Zevran asks Oghren if they should now engage in some stereotypical elf-to-dwarf banter/rivalry. Oghren's response? "Nah."
Morrigan's response to stopping the merchant in Lothering from setting high prices. "Must we solve every little problem in this town?"
Similarly, if you ask the Ostagar merchant if you can help him find his AWOL servants, he'll say he's sure someone like you has more important things to do than worry about his inane personal problems.
Also, there's this quote from some adventurers you prevent from (falsely?) accusing a mage of practicing blood magic:
Adventurer: Hey, no need to be pushy! We were just doing it for the experience.
If you bring Alistair to the Brecilian Forest and meet Zathrian for the first time, he offers this quote with a knowing smile after hearing about the werewolves' attack:
Alistair: Yes, it seems like you've had your own troubles. What are the odds?
The sequel has one man wandering around the Hanged Man tavern that seems to have knocked a few holes in the fourth wall. Among insane rants of feeling like "just a background character in someone else's play" or like that, come lines specifically pointing out video game contrivances, like "Do you ever feel like the world's getting... simpler? Like everything from eating to fighting is a lot less complex than it used to be?" Which delivers a stab by the writers at the sequel's much simplified gameplay.
In Assassin's Creed II many players were forced to turn on the subtitles due to the incredible amount of Italian spoken. During a present-time conversation with Rebecca she apologizes for it, claiming the translation on the Animus 2.0 isn't up to par. His response? "Oh, it's no problem, those subtitles really help." This is also a lampshade to apologize because there there were no subtitles in the first game.
There's also a comment that Animus 2.0 fixes the fault that Animus 1.0 had regarding water (Ezio can swim; Altair reacted to water like it was concentrated acid).
The instruction books to Assassin's Creed and Assassin's Creed II lampshade several game mechanics.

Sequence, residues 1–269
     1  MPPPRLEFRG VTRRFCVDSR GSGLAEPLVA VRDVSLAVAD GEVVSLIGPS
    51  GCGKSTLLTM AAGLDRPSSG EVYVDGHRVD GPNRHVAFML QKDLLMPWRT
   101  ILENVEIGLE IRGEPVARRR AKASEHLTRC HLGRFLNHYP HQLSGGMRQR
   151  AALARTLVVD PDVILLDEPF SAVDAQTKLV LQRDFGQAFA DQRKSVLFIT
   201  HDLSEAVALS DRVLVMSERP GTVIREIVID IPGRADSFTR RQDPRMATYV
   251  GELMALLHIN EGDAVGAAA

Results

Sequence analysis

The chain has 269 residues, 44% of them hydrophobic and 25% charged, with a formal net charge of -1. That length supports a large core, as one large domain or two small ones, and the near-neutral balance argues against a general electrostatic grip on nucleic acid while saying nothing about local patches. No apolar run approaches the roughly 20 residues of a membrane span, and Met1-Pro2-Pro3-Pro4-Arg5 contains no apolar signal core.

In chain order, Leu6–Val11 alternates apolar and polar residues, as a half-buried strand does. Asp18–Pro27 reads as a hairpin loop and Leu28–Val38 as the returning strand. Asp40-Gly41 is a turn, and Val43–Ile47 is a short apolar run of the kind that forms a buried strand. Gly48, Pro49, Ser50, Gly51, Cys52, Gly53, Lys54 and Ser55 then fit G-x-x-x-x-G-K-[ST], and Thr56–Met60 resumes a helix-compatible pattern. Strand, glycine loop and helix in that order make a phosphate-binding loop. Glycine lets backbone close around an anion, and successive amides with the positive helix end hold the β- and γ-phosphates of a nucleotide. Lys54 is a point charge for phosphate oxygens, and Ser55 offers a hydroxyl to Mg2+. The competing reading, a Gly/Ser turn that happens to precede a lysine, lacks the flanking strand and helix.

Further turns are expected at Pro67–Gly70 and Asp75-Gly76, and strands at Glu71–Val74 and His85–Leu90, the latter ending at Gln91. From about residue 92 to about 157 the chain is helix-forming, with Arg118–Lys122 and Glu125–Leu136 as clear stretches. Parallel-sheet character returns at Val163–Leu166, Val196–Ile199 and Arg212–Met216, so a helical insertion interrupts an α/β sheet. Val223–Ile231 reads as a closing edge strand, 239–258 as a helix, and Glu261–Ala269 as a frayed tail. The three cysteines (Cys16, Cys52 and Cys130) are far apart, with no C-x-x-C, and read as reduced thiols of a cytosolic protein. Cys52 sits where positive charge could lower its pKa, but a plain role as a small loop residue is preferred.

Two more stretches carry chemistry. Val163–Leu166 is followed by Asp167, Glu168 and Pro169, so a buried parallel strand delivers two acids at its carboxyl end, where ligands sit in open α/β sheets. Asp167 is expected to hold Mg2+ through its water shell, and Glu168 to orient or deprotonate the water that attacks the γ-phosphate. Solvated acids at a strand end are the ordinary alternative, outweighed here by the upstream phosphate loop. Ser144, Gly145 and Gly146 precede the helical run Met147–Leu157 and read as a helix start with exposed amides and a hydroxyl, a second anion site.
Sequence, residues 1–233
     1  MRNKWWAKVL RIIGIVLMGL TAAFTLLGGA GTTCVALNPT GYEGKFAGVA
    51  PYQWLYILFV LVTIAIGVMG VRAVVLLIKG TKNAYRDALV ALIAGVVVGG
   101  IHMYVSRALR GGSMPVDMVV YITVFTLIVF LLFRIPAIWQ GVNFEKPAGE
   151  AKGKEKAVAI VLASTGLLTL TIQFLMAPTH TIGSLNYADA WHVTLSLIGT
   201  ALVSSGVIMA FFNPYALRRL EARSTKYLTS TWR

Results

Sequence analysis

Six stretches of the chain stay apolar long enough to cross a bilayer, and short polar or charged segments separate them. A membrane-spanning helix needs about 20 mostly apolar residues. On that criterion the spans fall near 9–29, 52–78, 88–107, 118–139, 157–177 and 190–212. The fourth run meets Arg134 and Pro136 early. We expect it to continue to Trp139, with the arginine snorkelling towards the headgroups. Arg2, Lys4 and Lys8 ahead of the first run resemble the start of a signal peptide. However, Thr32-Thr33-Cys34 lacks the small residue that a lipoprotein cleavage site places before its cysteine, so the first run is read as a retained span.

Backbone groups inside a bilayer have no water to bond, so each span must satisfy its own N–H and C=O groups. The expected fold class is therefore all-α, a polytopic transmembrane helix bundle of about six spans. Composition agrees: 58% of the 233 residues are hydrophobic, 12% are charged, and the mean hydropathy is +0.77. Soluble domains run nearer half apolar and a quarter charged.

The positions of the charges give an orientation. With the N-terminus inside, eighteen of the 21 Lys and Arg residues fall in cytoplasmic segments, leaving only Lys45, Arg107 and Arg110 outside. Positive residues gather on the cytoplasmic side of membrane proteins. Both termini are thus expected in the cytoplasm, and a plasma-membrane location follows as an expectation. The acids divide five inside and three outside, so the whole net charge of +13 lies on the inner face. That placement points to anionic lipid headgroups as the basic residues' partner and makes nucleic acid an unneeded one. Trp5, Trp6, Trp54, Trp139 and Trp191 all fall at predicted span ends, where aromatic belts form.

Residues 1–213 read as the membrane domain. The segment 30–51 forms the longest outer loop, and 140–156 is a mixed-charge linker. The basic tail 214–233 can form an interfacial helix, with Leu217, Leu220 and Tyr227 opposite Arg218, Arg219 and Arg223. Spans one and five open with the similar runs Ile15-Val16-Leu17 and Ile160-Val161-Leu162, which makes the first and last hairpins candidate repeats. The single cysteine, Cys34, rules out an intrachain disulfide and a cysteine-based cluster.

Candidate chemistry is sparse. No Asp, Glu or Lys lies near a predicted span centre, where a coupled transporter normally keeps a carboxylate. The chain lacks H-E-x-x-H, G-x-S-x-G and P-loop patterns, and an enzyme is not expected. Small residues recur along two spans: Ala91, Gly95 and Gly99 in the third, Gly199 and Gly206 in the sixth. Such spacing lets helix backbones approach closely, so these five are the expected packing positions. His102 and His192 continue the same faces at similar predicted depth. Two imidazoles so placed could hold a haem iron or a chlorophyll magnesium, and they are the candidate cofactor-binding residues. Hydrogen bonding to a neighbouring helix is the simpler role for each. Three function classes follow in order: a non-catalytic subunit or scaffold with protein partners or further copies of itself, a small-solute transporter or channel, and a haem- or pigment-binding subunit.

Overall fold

In the first game, Flay also has a tendency to drop down from the ceilings. When questioned, he dismisses it with lines like, "Minor details." Then later on, when he walks through the workshop door normally, the workshop explicitly calls attention to this.
In City of Heroes, when you click on the pamphlet guy in front of City Hall, he tell you what particular cause he's promoting this week.
In a passing dialogue, one NPC insists to his obviously disbelieving friends that he actually did manage to snatch a purse.
In Silent Hill 3 when Heather is explaining to Douglas that Harry killed the God summoned by Dahlia she points out that "it must not have been much of a god if it could be killed by a human being".
In Lands of Lore: Guardians of Destiny, the protagonist, Luther, can (without any practical plot reason to do so) wander up to a raving homeless man and try to speak with him. In parody of the typical gameplay habits of RPG gamers, he comments, "Hi. I'm just wandering around, talking to everyone I meet."
In another parody, the player can ask a turian bartender at the Citadel about any local news. The bartender stares, then tells the player that if he/she wants local information, go check the news. As the player goes away he starts mumbling to himself about why humans keep asking him that question. In addition to lampshading The Bartender, this lampshades a specific bartender in the first game's version of the Citadel, who specifically tells you to ask him for news.